"I was there in the last week of May, I could literally see from my building burning houses, I could hear gunshots everyday in the morning, in the evening. It's not normal..."

Dheeraj, a Meitei, studied in Churchandpur, a Kuki-dominated area. he cannot comprehend what's come of it all in less than a decade. "One year back, we hosted our first international football game in Imphal," says Dheeraj. "After that, we hosted Miss India. When those things were happening, I used to feel proud. But now the situation..."

There's a feeling of helplessness in his voice. He wants to do something, desperately, but what? So, he speaks. Hoping someone's listening.

"I am not talking in a political way," says Dheeraj. "I am a sportsperson, but at the end of the day, I am a human being. I have my family, my relatives, my friends. If I have the opportunity, a platform where I can express what's happening, I will definitely do it. It's my responsibility to raise my voice to seek attention from the government or any other persons."

"It's been five months."

This is a number he repeats often. "I always thought ki achha ho jayega, accha ho jayega (it'll get better) but, it's getting worse and worse..."

"Even in the past few days I have seen a lot of attention [being given to] what's happening in the Israel-Palestine conflict. Of course, I am not against [those who speak up on that conflict], my heart goes out to everyone who is suffering anywhere, but we shouldn't forget our own state of Manipur."

Having played for India just last fortnight, Dheeraj makes a simple appeal, "While we are representing our nation, please make us feel our families are safe back home."

He appeals to the powers that be at the Union government to help come up with a solution. He's not taking sides, or justifying anyone. He simply wants everyone to gather around a table and talk it out. "I am talking about both the communities, it's very important to stand up and accept things and take responsibility," says Dheeraj.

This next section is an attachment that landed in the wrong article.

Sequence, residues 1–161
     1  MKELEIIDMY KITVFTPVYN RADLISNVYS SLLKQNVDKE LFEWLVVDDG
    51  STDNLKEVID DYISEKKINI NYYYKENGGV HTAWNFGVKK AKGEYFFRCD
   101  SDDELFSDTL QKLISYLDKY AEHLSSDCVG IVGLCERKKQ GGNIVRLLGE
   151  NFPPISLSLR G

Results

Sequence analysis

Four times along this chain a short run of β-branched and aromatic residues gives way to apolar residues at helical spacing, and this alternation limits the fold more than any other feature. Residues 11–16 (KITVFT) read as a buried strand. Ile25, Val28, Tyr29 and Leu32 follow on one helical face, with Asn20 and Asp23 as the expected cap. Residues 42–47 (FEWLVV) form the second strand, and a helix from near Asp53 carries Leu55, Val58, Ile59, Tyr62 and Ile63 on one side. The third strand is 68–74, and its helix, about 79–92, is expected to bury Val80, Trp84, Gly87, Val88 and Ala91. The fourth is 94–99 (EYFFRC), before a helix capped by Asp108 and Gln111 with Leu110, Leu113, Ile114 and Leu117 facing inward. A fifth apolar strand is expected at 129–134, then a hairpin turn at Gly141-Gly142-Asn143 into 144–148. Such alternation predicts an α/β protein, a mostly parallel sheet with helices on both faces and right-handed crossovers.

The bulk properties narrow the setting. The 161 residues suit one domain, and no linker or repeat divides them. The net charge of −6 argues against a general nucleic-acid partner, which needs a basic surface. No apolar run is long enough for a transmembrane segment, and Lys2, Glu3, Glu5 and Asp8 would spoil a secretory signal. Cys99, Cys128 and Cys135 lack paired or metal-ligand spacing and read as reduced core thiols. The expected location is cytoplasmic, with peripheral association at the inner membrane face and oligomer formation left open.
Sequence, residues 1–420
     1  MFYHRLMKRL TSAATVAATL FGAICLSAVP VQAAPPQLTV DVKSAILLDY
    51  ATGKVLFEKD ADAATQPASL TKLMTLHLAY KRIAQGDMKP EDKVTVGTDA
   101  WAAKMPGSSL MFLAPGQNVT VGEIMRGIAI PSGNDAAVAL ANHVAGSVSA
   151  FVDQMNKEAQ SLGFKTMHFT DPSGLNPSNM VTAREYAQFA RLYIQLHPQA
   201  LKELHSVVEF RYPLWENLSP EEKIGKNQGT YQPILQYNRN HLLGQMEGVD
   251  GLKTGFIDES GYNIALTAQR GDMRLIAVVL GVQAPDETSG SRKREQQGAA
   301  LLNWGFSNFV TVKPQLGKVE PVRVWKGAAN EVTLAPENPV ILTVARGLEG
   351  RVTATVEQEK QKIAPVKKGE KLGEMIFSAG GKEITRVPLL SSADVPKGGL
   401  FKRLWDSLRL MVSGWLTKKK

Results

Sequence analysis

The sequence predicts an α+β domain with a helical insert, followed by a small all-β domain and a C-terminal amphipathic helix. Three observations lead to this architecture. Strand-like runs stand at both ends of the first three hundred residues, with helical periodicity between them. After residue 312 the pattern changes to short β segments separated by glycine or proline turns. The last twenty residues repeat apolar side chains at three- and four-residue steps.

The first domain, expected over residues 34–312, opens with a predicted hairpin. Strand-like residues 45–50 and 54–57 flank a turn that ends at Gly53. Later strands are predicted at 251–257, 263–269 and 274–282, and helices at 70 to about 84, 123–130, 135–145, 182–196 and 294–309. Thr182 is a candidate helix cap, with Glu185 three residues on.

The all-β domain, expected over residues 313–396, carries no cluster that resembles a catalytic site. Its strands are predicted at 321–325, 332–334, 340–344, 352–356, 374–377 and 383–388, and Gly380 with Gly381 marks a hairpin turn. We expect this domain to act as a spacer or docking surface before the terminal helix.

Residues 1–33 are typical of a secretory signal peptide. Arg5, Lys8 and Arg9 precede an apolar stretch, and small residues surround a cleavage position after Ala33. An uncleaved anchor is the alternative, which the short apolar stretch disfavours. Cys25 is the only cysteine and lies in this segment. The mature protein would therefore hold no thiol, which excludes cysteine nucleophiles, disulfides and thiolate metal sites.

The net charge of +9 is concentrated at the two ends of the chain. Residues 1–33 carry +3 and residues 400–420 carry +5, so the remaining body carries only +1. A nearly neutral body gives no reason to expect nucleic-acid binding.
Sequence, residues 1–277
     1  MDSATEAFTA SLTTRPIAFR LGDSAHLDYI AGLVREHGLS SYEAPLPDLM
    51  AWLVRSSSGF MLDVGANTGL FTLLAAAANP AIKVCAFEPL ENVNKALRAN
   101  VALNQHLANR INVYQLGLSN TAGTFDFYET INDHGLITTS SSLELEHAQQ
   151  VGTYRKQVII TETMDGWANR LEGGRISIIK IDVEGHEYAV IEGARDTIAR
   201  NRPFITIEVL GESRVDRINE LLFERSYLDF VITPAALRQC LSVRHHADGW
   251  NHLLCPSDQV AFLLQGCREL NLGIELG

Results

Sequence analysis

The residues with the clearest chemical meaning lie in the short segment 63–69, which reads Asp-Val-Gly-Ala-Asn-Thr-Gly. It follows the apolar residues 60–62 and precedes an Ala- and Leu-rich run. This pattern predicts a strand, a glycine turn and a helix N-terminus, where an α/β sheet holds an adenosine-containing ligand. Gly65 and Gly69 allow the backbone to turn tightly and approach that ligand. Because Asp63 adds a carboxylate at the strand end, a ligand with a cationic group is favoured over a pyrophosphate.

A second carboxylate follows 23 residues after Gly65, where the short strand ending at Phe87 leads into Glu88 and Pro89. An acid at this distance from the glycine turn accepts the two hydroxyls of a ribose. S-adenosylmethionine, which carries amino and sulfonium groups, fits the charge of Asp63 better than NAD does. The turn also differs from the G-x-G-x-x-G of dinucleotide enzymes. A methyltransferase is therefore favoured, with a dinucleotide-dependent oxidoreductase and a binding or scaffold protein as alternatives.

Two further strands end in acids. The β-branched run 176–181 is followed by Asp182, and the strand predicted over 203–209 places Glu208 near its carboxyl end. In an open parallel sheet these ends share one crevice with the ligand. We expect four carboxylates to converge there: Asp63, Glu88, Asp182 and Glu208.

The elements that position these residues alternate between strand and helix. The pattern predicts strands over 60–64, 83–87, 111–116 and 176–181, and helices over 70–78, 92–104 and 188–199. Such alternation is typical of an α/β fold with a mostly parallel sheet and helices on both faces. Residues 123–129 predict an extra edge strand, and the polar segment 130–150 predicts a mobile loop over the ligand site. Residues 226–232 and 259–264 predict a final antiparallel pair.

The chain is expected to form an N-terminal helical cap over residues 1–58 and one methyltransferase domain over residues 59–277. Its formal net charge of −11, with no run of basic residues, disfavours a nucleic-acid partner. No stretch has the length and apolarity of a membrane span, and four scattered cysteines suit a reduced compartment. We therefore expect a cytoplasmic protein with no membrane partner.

As much as the present scares him, though, his greatest fears are when he thinks of what lies ahead.

"Violence is not the solution to any problem," says Dheeraj. "It spreads hatred, and I don't know how long this hatred will stay within ourselves. For sure this younger generation will carry this hatred for the rest of their lives if we don't solve this problem as soon as possible."

"Many people have been affected and traumatized by these events," he says. "So, I don't know how we're going to heal this, how we're going to come back after facing so much. The younger generation... it's going to affect their mentality in a different way. It's really bad, and it's really sad."

For now, all he can do is buckle down and get on with his job. "I have to do my job," says Dheeraj. "I can't give excuses or anything but at the end of the day when I come back to my room..." He takes a long pause here, collecting himself. "When I see the videos and the violence going on, it's really ridiculous, the extent to which this has escalated. It's really difficult, it's really difficult."

"I just want to ask two questions," he says. "Are we happy with the situation in Manipur? No. Do we really want peace brought back in Manipur? Yes, of course. Then, there must be a solution."